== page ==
For many of us with school-aged children, school fundraisers and volunteer opportunities are a lot more than just doing our part to help out the school. Some fundraisers that are put together for specific events can help children and their families cover the costs for otherwise unaffordable field trips, camps or other events.
Yes, scholarships are available for many of these kinds of things, but many times the paperwork, competition or ridiculous financial standards are not feasible.
Things like selling cookie dough can cover a 5th graders entire 5th grade science camp trip. Where my kids go to school we even have the option to help volunteer at our Bingo night to earn money to go towards specific field trips. This is a fabulous option for moms like me, who are on a budget and have more than one child. This year alone the cost of field trips for both of my kids was certainly more than I could afford. Spending a few hours helping run Bingo night was more than worth it.
But the word on the blacktop is that this will no longer be an option. Time donated will go to the school as a whole instead of individual kids/families. And any fundraising done will no longer go towards an individual child but to that child’s entire grade level.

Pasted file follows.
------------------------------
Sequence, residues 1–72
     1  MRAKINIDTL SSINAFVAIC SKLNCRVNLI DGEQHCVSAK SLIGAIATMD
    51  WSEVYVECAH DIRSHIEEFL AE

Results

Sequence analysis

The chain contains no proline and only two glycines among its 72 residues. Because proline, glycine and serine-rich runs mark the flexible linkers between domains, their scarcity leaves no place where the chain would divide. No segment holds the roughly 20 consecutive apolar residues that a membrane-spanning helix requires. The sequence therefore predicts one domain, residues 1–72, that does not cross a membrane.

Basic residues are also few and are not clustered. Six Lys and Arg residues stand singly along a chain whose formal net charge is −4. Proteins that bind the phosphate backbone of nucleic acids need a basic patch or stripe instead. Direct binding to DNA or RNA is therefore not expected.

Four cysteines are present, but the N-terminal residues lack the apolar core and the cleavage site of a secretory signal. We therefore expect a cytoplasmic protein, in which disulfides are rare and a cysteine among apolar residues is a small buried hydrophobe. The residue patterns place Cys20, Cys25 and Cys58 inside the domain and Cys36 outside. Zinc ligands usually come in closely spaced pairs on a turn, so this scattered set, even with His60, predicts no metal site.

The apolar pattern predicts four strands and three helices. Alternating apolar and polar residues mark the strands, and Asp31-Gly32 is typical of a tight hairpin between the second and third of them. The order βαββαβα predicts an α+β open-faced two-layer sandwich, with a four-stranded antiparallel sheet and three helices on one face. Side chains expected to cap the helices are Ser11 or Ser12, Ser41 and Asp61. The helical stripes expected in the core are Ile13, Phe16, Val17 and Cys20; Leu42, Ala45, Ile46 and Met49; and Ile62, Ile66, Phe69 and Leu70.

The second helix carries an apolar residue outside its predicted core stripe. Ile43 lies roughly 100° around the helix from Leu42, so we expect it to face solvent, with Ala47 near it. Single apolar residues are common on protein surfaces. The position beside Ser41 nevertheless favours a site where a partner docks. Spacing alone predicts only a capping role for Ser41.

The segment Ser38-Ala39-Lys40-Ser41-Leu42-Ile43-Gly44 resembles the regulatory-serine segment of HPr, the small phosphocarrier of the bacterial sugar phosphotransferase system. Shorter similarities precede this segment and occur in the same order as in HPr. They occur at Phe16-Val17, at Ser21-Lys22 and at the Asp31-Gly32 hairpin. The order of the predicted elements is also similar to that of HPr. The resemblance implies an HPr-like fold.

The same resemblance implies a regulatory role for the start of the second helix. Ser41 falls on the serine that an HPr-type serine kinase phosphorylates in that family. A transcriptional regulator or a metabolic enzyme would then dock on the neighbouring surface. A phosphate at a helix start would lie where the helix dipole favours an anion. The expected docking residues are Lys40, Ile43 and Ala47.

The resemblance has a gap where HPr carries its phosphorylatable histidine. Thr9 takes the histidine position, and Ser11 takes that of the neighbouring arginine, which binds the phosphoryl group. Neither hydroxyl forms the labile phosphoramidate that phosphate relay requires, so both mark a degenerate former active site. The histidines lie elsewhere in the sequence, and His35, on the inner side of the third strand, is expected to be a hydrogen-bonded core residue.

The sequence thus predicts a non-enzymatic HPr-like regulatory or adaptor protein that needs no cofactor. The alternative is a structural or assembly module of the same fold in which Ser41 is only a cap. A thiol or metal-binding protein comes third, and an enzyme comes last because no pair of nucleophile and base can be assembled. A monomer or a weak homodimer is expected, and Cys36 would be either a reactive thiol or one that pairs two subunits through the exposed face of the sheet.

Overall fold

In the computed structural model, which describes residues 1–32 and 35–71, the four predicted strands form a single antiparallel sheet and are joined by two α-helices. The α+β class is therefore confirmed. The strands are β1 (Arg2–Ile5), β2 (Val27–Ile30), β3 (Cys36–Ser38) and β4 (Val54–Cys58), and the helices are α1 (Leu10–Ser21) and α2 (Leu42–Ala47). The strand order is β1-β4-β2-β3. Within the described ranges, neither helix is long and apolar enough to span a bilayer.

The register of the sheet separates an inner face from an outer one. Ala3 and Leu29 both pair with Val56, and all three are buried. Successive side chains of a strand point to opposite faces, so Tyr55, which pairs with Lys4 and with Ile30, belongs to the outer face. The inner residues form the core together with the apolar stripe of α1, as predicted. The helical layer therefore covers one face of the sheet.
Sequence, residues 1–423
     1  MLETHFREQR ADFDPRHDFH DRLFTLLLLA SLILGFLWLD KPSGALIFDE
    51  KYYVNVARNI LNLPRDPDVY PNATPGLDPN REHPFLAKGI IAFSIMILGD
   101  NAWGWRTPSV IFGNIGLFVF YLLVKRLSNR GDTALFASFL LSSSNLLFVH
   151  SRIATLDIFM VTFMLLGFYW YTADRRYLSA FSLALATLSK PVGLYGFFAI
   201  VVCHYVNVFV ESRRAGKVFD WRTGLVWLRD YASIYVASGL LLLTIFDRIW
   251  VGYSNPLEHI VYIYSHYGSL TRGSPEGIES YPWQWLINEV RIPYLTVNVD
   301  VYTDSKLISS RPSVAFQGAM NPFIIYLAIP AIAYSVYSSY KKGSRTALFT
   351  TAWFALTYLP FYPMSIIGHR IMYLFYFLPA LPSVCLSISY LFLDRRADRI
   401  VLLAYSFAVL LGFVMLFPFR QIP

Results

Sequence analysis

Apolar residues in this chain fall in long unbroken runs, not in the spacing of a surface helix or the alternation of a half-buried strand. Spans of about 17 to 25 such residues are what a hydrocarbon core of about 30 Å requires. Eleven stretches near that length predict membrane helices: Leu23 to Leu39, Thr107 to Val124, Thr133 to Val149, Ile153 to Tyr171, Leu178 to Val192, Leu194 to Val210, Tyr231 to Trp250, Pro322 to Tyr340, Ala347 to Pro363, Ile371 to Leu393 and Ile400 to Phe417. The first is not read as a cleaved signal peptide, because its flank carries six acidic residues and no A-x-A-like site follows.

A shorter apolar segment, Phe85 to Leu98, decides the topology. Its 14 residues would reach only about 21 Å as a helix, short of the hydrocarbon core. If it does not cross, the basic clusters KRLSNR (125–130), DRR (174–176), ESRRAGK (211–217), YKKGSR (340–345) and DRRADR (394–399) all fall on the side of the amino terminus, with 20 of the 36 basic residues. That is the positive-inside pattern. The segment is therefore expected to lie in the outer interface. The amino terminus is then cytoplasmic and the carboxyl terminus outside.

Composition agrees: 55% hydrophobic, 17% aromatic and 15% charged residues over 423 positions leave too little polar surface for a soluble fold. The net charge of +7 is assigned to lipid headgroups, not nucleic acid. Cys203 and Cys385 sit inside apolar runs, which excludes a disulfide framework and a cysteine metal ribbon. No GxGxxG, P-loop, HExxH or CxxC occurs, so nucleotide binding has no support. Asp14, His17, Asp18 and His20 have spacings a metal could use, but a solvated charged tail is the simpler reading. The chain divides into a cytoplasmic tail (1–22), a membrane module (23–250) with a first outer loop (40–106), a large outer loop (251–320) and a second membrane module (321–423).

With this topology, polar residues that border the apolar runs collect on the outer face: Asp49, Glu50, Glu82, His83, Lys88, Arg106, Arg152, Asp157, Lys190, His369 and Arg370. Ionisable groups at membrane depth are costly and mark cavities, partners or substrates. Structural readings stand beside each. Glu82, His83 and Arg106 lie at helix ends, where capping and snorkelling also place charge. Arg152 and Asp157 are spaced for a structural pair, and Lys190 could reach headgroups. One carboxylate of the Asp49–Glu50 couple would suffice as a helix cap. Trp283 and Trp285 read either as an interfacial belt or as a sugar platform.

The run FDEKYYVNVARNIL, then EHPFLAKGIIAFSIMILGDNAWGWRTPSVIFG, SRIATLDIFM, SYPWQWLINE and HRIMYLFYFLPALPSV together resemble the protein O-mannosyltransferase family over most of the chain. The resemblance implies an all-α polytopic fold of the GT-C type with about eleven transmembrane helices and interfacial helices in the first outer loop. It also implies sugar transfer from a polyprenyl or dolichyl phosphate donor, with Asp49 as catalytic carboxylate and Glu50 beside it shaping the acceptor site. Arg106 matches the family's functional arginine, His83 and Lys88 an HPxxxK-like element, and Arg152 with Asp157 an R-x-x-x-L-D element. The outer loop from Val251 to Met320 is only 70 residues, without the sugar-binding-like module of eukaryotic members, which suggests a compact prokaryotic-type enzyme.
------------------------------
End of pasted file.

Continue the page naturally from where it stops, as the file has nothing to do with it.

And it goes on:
Last year AB 165 was a bill introduced here in California which was a result of a lawsuit filed by the ACLU against the State of California which claimed that some California school districts were denying students a free public education by charging fees for certain classes or extracurricular activities. This piece of legislation, a very hot topic in California, would have prohibited schools from collecting fees from students for books, art supplies, lab equipment or mandatory school-related activities, subjected schools to annual audits and required all schools to post notices in each classroom about the no-fee policy. But Governor Brown vetoed the legislation in October.
Brown said that while all schools should be compliant in providing students with their right to a free public education, the bill takes the “wrong approach” and “goes too far.”
Reading up on this rejected bill and the possible changes facing my own school has me wondering, what is fair?
Should parents be able to volunteer and fundraise as much as they are able in order to benefit their own child or should the money raised go towards the grade or group as a whole? Personally I am on the fence. I do appreciate the option to volunteer a few hours to pay for a field trip or two. I also like being able to (attempt anyway) fundraise to pay for things like camp. I’m not sure how fair it is to be the parent working extra hard to volunteer or fundraise, yet only see the same benefits as the parent who hates to volunteer therefore never does.
What are the rules where your child goes to school?